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Re: [ontolog-forum] Can Syntax become Semantic ?

To: "[ontolog-forum]" <ontolog-forum@xxxxxxxxxxxxxxxx>
From: Rob Freeman <lists@xxxxxxxxxxxxxxxxxxx>
Date: Sun, 24 Jan 2010 16:46:08 +1300
Message-id: <7616afbc1001231946j34776e1bp4a28ab15b6c2b09a@xxxxxxxxxxxxxx>
On Sun, Jan 24, 2010 at 11:01 AM, Christopher Menzel <cmenzel@xxxxxxxx> wrote:
> On Jan 22, 2010, at 7:43 PM, Rob Freeman wrote:
>> So what is important is this idea that there are "predictive limitations of 
> A fact as well known (in its own manifestations) in physics as it is in 
>computer science.  A fact
> obvious to anyone who has taken a basic physics lab, let alone studied a bit 
>of nonlinear
> dynamics or quantum mechanics.  I'm not sure why you seem to be suggesting 
>you're on
> to something particularly deep here.  In computer science there are inherent 
>limits to
> computation.  In physics there are inherent limitations to observation, 
>calculation, and
> measurement.  These rather mundane facts immediately entail that our theories 
> predictive limitations.    (01)

Your affection for the mundane is too strong, Chris. Quantum mechanics
is not explained by "inherent limitations to observation, calculation,
and measurement", the explanatory force is entirely in the other
direction.    (02)

The observations are there, I agree. And go way beyond not having a
big enough microscope. Over time more and more people, in a diverse
range of fields, physics, maths, computer science, weather
forecasting..., and indeed linguistics, have faced up to the fact that
their observations appear to be random to some extent.    (03)

But I don't think this has yet caused a general crisis in the
theoretical orthodoxies (other than physics.)    (04)

In particular in computational linguistics, still, nobody questions
the role of grammar. They certainly don't imagine productions in
natural language might be examples of "computationally irreducible"
processes, perfectly tractable, simply admitting of no (grammatical)
"shortcuts".    (05)

John Sowa's advocacy of Wittgenstein's language games hints at this
idea of process which does not admit of abstraction, but he doesn't
see a theoretical link.    (06)

Faced with randomness theoreticians commonly conclude that their
theory is right, but the problem is elsewhere. So in computational
linguistics you get people saying things like "syntax is solved" the
problem is with semantics. Our theories of syntax don't solve the
problem, but that's because all the hard decisions are based on
something else called semantics. A case of "redefine and conquer". It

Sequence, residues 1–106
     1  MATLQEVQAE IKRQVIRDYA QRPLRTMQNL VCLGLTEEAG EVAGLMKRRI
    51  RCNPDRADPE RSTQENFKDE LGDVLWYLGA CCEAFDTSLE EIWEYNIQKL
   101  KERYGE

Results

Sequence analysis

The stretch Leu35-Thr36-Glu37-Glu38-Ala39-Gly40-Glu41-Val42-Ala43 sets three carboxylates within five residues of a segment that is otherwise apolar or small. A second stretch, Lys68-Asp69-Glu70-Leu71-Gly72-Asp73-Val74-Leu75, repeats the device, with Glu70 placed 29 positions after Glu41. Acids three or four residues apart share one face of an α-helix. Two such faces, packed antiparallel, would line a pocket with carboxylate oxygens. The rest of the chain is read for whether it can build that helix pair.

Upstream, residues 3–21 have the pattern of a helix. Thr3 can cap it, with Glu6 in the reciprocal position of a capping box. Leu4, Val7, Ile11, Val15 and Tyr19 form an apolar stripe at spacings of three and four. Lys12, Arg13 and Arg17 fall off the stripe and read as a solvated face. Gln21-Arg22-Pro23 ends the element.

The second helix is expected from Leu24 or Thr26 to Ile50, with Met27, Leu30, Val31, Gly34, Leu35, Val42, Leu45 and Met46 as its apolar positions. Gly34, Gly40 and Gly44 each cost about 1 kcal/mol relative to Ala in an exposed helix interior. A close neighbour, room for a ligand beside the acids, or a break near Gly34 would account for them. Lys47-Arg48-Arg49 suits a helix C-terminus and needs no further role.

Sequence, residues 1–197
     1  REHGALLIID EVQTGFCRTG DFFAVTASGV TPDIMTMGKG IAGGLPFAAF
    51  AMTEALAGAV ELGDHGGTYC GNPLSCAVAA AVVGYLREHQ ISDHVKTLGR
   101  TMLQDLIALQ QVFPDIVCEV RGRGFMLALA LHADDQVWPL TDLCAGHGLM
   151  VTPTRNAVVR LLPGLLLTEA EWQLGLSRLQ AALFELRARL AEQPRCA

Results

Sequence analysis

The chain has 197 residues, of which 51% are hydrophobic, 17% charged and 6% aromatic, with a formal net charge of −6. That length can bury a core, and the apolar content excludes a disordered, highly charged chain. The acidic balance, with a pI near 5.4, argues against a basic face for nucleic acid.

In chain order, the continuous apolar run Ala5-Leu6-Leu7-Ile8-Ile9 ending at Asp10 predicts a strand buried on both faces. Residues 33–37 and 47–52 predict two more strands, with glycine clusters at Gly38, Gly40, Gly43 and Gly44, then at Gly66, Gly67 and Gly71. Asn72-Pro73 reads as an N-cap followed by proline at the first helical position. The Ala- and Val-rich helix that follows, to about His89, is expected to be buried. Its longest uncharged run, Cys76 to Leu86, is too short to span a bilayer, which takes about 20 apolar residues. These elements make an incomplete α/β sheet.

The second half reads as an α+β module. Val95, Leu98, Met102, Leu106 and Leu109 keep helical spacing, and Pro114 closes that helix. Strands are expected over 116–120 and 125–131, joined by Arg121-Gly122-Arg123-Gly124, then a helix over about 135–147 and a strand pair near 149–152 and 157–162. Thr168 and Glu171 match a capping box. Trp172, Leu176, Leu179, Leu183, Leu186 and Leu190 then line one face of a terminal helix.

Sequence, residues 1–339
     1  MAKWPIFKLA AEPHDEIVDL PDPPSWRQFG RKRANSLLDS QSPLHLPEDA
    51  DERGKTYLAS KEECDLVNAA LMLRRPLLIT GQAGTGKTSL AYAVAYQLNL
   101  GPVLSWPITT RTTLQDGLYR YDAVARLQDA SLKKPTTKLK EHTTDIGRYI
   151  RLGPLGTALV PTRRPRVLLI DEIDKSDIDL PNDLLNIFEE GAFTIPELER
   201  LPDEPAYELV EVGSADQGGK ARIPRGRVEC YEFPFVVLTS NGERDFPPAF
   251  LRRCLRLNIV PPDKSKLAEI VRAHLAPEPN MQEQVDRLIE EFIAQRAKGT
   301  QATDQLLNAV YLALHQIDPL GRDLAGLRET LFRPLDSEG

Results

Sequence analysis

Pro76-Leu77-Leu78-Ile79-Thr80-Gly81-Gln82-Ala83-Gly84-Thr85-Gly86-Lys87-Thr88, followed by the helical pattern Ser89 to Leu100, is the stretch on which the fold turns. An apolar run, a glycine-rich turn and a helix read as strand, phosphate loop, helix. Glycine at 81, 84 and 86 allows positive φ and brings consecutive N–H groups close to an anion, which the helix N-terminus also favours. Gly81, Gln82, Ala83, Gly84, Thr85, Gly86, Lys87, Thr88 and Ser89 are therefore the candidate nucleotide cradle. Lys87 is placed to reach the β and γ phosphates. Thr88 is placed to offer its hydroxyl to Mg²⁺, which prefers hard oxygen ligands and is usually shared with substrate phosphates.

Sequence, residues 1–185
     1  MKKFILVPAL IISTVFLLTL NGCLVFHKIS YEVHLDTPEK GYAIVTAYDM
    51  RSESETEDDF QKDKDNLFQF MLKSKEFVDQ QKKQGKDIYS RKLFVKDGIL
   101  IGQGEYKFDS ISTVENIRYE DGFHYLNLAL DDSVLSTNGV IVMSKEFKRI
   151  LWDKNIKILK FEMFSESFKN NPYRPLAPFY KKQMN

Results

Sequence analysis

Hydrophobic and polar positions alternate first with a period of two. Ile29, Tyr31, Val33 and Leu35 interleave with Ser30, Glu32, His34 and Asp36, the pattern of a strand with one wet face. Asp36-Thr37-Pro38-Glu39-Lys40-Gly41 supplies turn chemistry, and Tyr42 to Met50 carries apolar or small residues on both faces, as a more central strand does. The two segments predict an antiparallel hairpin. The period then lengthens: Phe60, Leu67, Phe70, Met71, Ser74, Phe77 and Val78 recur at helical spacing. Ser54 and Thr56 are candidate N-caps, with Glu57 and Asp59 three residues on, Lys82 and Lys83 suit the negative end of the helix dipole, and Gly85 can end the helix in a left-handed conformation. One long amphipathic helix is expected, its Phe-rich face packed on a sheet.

was this kind of idea I was reminded of when Ali said:    (07)

Ali, Jan 22: "While it's (usually) not hard for people to understand
the semantics in natural language, computers often lack the necessary
"background" ( 
) to do so."    (08)

>> My comment to Ali was that the "predictive limitations of theories" might 
>explain why our "theories" of
>> language (grammars) have failed to usefully disambiguate natural language, 
>and that we might be able
>> to do better by treating syntactic predictions purely as a process, distinct 
>from theories about that process.
> I have no idea what that means.    (09)

I know.    (010)

It is actually very interesting for me to see the issue through your
eyes, when you stop simply hrmphing and disputing words. For instance
you characterized undecidability as "...about the limits of
computation." This reminds me of a quasi-religious interpretation
along the lines of Goedel himself, or recently, famously, Roger
Penrose and his "Emperor's New Mind",
http://ase.tufts.edu/cogstud/papers/penrose.htm";    (011)

Why anyone would characterize undecidability as a "limit of
computation", I don't know. I guess it means your faith in an
absolute, decidable, world is so great, that when computation fails to
deliver, it is computation which has failed, not the perfect,
decidable world. The world must be decidable, so if computation is
not, then computation must not be adequate to model the world...    (012)

Similarly John has clearly pigeon-holed Wolfram's computational
irreducibility as computationally "intractable". That is how he
ignores it. How do you get from "irreducible" to "intractable"? It is
as if conformity with a theory is the goal, and if a computation
cannot be reduced to a theory then it is "intractable", no good,
useless.    (013)

These are perspectives which trap us.    (014)

When you are stuck in such a perspective, of course, it is almost
impossible to jump out.    (015)

-Rob    (016)

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